HTB Sense Write-up


Illusions or firewall, we’ll break ’em all!!

This a notes like write-up I am posting about the HTB boxes I managed to compromise by myself. Preparing for “a certain” course, these kind of boxes are really helpful in getting experience. Lets jump in!

This box is all about deep website enumeration and finding the correct CVE. We start off by having very little information about any of the services running in the box, gradually enumerating almost everything and piecing together vital piece of information we finally get a foothold. Funny thing is, the foothold itself is root so no need for lateral-movement and privilege escalation (yeet!)

As always, we start with an nmap scan:

nmap -sV -sC -T4

Which returned the following for top responding ports, usually ports within 1 to 1000.

It showed only two ports open — actually just one since the port 80 is supported by ssl on 443 so visiting port 80 will actually redirect to port 443. Port 80 is running PF Sense on lighttpd version 1.4.35.

Lets run a full scan to see if we get other ports to respond. I do not put the -sC flag since it will make the scan incredibly slow. I just want nmap to knock all ports, I’ll enum each of them individually.

nmap -vvv -p-

Seems like no other ports are open other than these two (actually one).

Visiting the website, we are visited with a login page:

Pretty basic, nothing fancy. First thing obviously is to try default credentials, so I googled pf sense default creds which returned this:

Which obviously did not work. After that I tried SQLi but that did not work at all. Next I used wfuzz to brute-force all directories, normally I’d use gobuster but for some strange reason it refused to work.

Here is a snap from when wfuzz was finding all the directories but every one of them retrned 404 not found. It was obvious that we need to get ourselves authenticated before we can visit any of these:

I tried to find some kind of vulnerability in the website itself using the nmap script vuln which basically automates and tries all possible vulnerability scripts against the site, but that didn’t find anything.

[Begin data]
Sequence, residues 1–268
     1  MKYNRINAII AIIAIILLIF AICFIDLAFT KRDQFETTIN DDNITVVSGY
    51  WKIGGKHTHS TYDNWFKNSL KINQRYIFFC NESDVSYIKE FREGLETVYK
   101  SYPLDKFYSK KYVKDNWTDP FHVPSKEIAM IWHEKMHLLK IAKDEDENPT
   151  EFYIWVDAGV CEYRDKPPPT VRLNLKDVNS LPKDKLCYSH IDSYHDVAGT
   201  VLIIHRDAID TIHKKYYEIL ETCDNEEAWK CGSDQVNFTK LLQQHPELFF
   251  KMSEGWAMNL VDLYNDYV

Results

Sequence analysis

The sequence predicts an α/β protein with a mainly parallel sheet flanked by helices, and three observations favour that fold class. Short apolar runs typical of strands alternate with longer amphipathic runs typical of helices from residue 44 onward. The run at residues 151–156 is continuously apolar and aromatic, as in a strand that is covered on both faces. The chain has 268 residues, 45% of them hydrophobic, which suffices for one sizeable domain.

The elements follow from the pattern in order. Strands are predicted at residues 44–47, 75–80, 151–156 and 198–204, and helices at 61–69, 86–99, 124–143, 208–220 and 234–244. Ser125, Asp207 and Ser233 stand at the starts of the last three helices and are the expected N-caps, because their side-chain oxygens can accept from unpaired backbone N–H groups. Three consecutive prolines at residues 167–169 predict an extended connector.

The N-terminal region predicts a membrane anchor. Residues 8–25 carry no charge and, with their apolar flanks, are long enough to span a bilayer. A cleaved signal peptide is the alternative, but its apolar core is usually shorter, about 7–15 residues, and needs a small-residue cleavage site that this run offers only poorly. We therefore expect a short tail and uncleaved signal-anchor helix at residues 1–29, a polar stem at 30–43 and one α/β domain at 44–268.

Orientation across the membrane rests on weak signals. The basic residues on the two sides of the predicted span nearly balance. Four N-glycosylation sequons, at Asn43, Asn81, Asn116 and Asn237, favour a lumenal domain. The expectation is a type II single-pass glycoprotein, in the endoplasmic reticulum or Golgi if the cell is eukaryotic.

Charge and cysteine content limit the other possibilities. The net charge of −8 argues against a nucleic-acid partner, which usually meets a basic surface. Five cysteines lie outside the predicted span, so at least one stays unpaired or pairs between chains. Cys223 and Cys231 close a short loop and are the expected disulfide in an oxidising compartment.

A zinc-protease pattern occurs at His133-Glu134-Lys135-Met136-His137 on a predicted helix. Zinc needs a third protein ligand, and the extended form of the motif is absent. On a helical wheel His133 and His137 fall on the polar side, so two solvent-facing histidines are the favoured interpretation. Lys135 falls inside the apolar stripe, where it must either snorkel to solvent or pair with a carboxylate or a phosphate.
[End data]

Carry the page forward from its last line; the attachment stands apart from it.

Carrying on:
The next thing to try is to test for directory-traversal vulnerability. Apparently there is a directory traversal vulnerability in the pf sense firewall site but unfortunately it did not match the version (we didn’t know the version yet). i tried almost all poking I know of but nothing happened. Now I started looking for any important files that might be left by the webdev in the web home directory. The most important thing now is to look for creds.

I ran wfuzz again, this time adding a .txt extension to it

Finally some direction!

We find two very interesting files, visiting them gives:




Firstly, the security changelog points that one out of three vulnerabilities is still not patched. Secondly we get a user named “Rohit” who has “Company default” password which is pfsense. I tried with Rohit::pfsense but it didn’t work, I tried rohit::pfsense and this time it did. I logged in as “Rohit”.

Upon logging in, there was a very vital piece of information at the very top!

The system was running a 2.1.3-RELEASE (amd64) PF Sense firewall.

I immediately searched google and found a multiple vulnerabilities on the said version. The one that looked most promising was the Remote Code Execution.

I found a metasploit module which could be used to exploit it and I tried it first that way — it’s too easy so I am not writing about that… you basically put some commands and boom it gives you root. You can find that here, no fun at all. Lets try to understand the exploit code and try to exploit it manually!

Lets try to understand what causes a RCE in the application. I found an amazing explanation here, I’ll explain it here too.

The vulnerability arises due to lack of blacklisting improper and dangerous characters in the status_rrd_graph_img.php

/* this is used for temp name */
if ($_GET['graph']) {
$curgraph = str_replace(array("<", ">", ";", "&", "'", '"'), "", htmlspecialchars_decode($_GET['graph'], ENT_QUOTES | ENT_HTML401));
} else {
$curgraph = "custom";

In the str_replace array, blacklists certain characters but misses the “|” symbol (the pipe symbol) which allows RCE.

This python script sends a reverse shell payload encoded to exploit that vulnerability after authenticating the user. This exploit only works for non root users only.

Let’s examine it:

It navigates to the vulnerable php script then sends a *NIX command (in this case a reverse shell) using printf and pipes (“|”) the output to sh (the command shell) which then gets executed. Careful, this payload is carefully encoded in firstly hex then octal values. Such are the pains while exploiting web vulnerabilities.

I ran the script, opening netcat on other window, waiting for connections “STARBURST STREAM!!”:

We got a connection back.

It is obvious from the ‘#’ symbol that we already have root access:


This box was rather smooth sailing but the amount of brute-forcing the website to find files was huge. This teaches that you should leave no stone unturned while doing an enumeration. Overall a very fun box which helped me construct my thinking power while tackling a box a lot. Was kinda funny that there was no Priv-Esc part. That’s why this box has more root owns than user owns on HTB lol!



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